Hoping for success after Sundance
January 23, 1998
Scene from "The Full Monty"
Web posted at: 5:19 p.m. EST (2219 GMT)
PARK CITY, Utah (CNN) -- The excitement is escalating at the
Sundance Film Festival, where many of the 13,000 participants
hope to walk away with the next Sundance success story.
Last year, the festival hit was "The Full Monty."
"That's when we got the inkling that this is going to be
something ... something special," Steve Huison, who played
Lomper in the film, told CNN.
The film has grossed nearly $37 million at U.S. box offices
since its debut in the United States about six months ago.
"Shine" and "Ulee's Gold" also struck gold at Sundance last
year. Not only were they box office successes, but actor
Peter Fonda won a Golden Globe for his role in "Ulee's Gold,"
and Geoffrey Rush won an Academy Award for best actor for his
role in "Shine."
The next Sundance success story could belong to "Sliding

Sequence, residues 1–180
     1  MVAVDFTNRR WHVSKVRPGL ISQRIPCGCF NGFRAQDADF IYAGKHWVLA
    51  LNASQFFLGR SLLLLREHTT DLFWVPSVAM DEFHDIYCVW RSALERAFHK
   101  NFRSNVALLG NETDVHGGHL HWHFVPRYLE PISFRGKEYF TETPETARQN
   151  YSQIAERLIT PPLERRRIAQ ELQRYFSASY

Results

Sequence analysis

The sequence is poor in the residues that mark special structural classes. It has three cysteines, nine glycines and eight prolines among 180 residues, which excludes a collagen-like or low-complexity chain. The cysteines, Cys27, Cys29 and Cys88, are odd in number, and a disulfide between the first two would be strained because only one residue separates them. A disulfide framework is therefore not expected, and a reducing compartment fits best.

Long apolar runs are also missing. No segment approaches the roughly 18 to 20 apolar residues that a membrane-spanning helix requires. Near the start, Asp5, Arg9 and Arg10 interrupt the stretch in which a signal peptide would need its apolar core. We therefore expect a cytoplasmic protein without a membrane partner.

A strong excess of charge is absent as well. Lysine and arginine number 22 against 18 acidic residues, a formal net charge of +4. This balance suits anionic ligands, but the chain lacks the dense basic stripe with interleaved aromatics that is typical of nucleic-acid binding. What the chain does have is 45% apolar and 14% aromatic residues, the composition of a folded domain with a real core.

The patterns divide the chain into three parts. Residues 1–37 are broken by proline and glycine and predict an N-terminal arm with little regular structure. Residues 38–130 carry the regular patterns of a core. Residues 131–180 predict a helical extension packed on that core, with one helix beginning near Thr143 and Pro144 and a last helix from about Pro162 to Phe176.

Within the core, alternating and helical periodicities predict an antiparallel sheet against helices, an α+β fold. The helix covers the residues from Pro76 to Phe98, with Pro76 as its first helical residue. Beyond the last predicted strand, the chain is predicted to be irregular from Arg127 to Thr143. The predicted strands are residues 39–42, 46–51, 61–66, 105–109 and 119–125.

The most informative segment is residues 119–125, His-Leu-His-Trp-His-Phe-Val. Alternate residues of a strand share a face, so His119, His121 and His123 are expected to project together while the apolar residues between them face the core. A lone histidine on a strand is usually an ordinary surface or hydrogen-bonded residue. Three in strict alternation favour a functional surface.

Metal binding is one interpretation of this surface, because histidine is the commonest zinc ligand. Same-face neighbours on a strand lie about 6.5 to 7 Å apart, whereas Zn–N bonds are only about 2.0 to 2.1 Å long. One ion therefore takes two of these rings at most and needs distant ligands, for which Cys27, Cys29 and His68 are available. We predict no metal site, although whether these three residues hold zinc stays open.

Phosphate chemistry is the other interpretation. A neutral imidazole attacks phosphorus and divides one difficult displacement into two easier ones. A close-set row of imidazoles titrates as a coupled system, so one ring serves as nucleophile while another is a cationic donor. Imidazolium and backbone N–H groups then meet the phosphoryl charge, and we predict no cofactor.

Doors," an offbeat romantic comedy starring Gwyneth Paltrow.
Other potential heavy hitters among the 103 films shown this
year include "The Spanish Prisoner," starring Steve Martin
and directed by David Mamet, and "Polish Wedding" with
Gabriel Byrne and Clair Danes.
"Sundance has become the autobahn, the Route 66 of getting
yourself known as a filmmaker," said Neil LaBute, who
directed "In the Company of Men."
But many films that do well at Sundance find their successes
"House of Yes" sold for close to $2 million after it received
favorable reviews at last year's festival. But the film only
grossed $600,000 at the box office.
One film that isn't being touted in Park City this year is
Nick Broomfield's "Kurt and Courtney," a documentary about
rocker Courtney Love and her late husband Kurt Cobain.
"The House of Yes" was applauded at Sundance, but did poorly at the box office
The film isn't being hailed as a potential success because no
one got to see it. Sundance organizers had to pull it after
Love threatened to sue the filmmaker.
"You do get a portrait of someone who is extremely
controlling," Broomfield said about the film's depiction of
Love. "And if they don't get what they want, they'll go to
any lengths to prevent something from coming out, which is
exactly what she's done with this film."
The documentary is scheduled to air on the BBC within a year,
The 10-day festival will end Sunday with the presentation of
this year's awards.
Correspondent Cynthia Tornquist contributed to this report.